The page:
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Comments (42)   |   JUMP TO MOST RECENT >>

"A.C. Grayling is a popular philosopher: almost a household name in Britain, he appears on TV and in newspapers."

Not wishing to be too pedantic, but: no. By the extremely low standards of British philosophers, he may qualify as 'well-known', but 'household name'? Not even almost.
Harry
02.05.07 at 03:49

i know its easy to knock a project like this , but i was really dissapointed by this issue of creative review. it promised so much, the best ad agency in london with enough space do something really interesting. but all we got was substandard student magazine design, a teenage 'is money bad?' logic, substandard tibor knock-offs, and sense that mother can only produce great work if they're being paid to, and becomes rather unstuck when they have to invent their own agenda. the only redeemable feature was Peter Savilles 'no protsitutes' sticker which had more power in its black and white simplicity than the entire mother effort.
as for the soul selling/is advertising bad debate who really cares anymore? shaungnessy's lack of conclusion says it all . there are no right and wrong answers. some work for money, some work for love. those than get well paid for their efforts can develop an anxiety at their successes and try to ethically redress the balance. others dont. others wish they were in that position. others are glad their not.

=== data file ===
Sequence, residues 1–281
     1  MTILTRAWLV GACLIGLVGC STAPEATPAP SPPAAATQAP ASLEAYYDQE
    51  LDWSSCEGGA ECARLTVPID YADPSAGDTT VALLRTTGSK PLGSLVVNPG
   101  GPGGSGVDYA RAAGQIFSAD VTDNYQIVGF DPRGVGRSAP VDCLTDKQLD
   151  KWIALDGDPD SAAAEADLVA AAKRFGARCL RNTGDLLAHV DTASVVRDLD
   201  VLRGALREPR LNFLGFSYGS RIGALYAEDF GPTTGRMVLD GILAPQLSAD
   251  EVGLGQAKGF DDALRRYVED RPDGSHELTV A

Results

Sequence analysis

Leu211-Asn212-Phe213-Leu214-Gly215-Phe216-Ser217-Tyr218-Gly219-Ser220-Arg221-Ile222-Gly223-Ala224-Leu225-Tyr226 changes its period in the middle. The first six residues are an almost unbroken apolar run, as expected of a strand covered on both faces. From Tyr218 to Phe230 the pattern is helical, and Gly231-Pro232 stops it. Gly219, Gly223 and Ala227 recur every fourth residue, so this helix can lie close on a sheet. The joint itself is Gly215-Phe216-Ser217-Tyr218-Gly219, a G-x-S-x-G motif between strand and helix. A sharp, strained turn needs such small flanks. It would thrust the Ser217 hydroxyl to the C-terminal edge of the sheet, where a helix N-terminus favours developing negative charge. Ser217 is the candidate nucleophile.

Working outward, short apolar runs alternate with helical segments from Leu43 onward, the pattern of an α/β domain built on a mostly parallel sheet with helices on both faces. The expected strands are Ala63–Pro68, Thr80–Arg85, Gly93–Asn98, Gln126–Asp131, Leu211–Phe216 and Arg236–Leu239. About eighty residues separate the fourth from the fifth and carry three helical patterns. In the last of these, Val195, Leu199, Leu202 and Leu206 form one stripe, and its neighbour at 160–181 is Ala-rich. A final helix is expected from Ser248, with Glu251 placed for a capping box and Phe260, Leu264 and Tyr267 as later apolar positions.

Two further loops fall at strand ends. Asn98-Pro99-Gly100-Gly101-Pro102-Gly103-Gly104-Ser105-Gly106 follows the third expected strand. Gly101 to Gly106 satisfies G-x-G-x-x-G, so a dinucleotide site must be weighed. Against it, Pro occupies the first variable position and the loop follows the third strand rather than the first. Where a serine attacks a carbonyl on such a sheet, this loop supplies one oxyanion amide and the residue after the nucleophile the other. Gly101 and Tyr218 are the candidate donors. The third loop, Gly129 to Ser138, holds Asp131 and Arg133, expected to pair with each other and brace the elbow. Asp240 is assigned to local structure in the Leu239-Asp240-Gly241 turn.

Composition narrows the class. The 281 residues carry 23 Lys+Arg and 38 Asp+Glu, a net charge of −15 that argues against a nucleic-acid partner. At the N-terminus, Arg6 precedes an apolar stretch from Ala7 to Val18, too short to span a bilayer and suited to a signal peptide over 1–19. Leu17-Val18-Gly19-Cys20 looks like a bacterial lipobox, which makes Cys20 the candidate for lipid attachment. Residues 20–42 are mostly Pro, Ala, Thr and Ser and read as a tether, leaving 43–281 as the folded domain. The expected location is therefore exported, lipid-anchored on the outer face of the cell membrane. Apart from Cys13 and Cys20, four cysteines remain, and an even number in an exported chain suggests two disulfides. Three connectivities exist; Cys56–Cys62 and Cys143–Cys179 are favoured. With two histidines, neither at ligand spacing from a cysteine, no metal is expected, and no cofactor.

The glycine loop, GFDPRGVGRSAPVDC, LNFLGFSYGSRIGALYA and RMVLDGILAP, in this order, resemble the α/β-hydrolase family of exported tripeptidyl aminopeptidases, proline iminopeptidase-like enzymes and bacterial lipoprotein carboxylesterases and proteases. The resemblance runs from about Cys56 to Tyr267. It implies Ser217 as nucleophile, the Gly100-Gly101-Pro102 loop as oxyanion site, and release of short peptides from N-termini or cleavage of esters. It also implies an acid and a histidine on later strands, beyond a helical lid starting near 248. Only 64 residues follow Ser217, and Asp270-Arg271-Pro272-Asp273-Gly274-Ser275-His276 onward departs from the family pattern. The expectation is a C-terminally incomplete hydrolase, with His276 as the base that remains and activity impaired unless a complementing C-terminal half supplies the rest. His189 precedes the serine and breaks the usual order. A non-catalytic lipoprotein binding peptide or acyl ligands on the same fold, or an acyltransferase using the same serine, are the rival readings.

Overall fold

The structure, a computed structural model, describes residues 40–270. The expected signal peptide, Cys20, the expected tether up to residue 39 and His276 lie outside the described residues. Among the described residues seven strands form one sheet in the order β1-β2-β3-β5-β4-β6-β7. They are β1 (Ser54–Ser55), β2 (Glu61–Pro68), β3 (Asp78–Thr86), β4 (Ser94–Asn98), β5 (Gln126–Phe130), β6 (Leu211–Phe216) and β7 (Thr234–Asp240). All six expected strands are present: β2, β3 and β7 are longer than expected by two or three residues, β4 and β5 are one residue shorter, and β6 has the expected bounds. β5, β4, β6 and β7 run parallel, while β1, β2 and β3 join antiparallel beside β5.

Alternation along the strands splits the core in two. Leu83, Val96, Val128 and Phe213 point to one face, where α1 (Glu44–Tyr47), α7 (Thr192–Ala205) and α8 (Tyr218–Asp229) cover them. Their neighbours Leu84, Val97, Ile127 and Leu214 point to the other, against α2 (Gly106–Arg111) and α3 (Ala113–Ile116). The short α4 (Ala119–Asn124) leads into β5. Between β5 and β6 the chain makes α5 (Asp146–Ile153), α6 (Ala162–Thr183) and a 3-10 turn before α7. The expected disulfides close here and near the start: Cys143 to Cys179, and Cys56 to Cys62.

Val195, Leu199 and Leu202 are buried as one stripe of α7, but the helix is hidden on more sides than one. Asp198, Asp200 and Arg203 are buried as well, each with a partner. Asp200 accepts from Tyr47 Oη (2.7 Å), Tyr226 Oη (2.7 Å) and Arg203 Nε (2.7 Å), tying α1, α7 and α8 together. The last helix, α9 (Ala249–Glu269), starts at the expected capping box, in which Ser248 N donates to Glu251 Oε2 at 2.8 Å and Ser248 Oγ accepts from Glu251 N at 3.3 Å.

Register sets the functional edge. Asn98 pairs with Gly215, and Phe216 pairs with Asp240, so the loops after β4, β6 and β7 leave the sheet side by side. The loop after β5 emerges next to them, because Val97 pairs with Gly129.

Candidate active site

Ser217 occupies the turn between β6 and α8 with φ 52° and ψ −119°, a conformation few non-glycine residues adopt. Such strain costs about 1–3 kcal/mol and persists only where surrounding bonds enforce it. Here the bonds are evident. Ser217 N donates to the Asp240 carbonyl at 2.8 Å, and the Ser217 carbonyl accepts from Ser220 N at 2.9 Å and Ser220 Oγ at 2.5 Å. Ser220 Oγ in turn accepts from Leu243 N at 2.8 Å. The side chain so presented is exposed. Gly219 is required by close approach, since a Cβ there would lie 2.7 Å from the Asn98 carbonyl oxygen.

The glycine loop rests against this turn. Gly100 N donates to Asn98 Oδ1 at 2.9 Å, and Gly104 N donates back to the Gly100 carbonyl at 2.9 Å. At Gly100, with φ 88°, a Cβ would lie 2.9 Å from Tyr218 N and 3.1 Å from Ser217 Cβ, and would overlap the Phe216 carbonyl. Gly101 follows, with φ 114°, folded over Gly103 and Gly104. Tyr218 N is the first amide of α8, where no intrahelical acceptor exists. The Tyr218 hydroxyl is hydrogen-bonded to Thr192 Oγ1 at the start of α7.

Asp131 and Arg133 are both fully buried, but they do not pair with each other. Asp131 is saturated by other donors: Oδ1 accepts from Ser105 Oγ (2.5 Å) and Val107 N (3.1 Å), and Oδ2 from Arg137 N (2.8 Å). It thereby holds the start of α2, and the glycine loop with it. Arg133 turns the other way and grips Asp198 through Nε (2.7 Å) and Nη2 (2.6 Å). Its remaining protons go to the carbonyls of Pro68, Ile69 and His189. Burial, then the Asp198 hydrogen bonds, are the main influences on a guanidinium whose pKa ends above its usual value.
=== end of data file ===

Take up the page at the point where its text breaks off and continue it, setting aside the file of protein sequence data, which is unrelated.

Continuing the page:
most do bit of work, some good, some less so, enjoy the people they work with, and are glad to go home at the end of their day, eat a meal with those they love, watch a bit of tv, read a book, listen some music and sleep safe in the knowledge that they'll do it all again tomorrow.

Richard
02.05.07 at 05:34

Funny!

On the back of a card for an ad club ( circa 1989 ) there were funny client put-downs. One of them was "This ain't the Sistine Chapel kid." Ha!

One more: A sign I saw in a tavern (Chez Charlie's) that said "If it's not one thing -- It's your Mother!"

Good stuff, Mr. Shaughnessy!

VR/

Joe Moran
02.05.07 at 06:39

IMHO, to borrow from the current vernacular, this post-modern self-referrential BS is, like, so 1900's.

You know what would have been more interesting and creative?

Anything!

The reason that the advertising industry needs to be skilful in the way it communicates its message is because the masses are so obdurate, they are resistant to these messages.

Mind like a steel trap, that Grayling!

The visuals and sloganeering make the reader think s/he has strayed into a catalogue for a contemporary art show

Oh, the confusion, the ennui, the post-millenial detachment! Please!

Word to CR - Guests and fish have one thing in common. Both begin to stink after a few days.
Mr. One-Hundred
02.05.07 at 06:53

Adrian's piece made me think of millionaires using their financial heft to secure excursion passes on space shuttles: is editorial direction now the domain of those who can afford it, regardless of merit?
jessica helfand
02.05.07 at 08:06

Personally I thought this issue of Creative Review was one of the most interesting and exciting for a long time - I was getting a bit bored with reading about awards... it was a refreshing change to have some debat going on in CR!

(I'm a student on an ethical advertising and design course though - so what would I know?)
Anthony Ruck
02.05.07 at 08:06

"all we got was substandard student magazine design"

(all I got was the typical student put-down)
Anthony Ruck